GREEN COMPOST waste can help control weeds and improve soil structure, delegates at a recent Henry Doubleday Research Association talk have heard.
Good weed control from such practices has been achieved in organic baby leaf salad crops, said Keston Williams, agronomist for Vitacress salads.
“Last year we used 20,000t of compost on our organic and conventional crops. It works well on annual weeds, but not on perennials or polygonum species,” he said.
Applying compost as a mulch can not only help suppress weeds, but it also provides a source of readily available phosphate and potassium, said Francis Rayns from the HDRA.
But the nitrogen content from composts is relatively unavailable in the short term, he advised growers.
Growers concerned about composts carrying over diseases should be assured that the risk is fairly low, said Steve Roberts, a plant pathologist working with the HDRA.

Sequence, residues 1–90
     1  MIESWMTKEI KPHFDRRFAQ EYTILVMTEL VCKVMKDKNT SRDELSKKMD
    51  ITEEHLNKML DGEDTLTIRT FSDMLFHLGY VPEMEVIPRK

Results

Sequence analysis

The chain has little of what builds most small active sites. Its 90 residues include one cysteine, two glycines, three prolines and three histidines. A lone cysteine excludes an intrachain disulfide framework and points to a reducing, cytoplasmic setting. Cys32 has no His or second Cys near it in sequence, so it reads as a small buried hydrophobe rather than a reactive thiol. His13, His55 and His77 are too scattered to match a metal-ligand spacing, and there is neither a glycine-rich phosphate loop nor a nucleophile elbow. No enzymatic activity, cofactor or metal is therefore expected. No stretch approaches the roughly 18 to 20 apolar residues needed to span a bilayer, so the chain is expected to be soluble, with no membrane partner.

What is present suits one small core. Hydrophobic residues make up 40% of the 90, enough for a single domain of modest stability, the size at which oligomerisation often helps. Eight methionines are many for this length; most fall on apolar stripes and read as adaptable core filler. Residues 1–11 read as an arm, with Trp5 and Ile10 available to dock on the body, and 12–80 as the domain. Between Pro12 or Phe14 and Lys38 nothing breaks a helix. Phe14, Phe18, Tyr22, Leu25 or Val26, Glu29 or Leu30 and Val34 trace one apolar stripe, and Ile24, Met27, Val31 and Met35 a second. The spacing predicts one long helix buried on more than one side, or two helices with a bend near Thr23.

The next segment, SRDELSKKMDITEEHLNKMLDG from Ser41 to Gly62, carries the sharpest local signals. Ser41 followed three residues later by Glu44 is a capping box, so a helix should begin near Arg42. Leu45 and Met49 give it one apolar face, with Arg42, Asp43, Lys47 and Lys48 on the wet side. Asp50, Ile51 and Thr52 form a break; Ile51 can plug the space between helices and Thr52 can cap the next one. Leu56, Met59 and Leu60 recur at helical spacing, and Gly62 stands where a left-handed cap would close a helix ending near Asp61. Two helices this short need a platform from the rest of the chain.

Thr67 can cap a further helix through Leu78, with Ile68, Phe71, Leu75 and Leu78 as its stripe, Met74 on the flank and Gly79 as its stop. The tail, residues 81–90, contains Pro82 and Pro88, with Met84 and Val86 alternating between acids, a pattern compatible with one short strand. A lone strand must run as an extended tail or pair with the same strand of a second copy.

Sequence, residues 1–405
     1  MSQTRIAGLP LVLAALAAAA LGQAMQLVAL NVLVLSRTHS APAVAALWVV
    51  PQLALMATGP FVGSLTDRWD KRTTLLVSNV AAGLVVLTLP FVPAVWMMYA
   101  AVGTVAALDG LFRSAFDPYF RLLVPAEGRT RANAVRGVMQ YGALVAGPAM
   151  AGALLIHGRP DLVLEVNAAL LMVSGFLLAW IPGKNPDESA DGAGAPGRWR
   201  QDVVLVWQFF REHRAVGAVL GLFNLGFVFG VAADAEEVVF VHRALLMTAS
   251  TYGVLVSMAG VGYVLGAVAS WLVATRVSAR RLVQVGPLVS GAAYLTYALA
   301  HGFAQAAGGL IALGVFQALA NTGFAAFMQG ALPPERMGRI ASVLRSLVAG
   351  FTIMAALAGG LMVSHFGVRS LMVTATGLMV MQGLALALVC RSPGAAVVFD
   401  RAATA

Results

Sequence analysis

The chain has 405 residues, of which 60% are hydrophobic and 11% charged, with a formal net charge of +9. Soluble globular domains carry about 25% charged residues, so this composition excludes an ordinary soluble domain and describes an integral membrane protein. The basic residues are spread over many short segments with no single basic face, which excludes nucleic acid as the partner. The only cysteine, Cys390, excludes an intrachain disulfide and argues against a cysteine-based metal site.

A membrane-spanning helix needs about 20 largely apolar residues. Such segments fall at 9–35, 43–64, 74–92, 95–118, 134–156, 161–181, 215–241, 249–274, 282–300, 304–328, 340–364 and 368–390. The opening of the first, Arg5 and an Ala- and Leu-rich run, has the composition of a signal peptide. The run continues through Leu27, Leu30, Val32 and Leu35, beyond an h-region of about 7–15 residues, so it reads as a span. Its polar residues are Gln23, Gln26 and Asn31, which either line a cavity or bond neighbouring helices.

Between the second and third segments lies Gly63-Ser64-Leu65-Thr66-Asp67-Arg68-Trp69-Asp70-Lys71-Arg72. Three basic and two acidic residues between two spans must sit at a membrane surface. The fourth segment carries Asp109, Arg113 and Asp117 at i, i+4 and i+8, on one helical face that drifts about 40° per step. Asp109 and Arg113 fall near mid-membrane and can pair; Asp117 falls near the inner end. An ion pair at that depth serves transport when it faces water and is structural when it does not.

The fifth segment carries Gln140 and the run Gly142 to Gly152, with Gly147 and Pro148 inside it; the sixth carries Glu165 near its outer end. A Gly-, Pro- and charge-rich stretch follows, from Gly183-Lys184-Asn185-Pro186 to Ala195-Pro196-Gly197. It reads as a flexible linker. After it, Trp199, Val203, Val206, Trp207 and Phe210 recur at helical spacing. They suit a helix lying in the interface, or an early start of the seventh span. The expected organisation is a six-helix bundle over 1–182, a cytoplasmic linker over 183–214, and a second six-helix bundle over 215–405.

“The majority of pathogens are eliminated if the composting process sustains 55oC for at least seven days,” he said.
But growers of high risk crops like brassicas or tomatoes should achieve higher temperatures of 65oC, or use disease testing to ensure pathogens such as club root and fusarium wilt are not transmitted, he said.
One study has found that compost can actually help suppress diseases such as root rots, club root and onion white rot, noted Ralph Noble of Warwick HRI.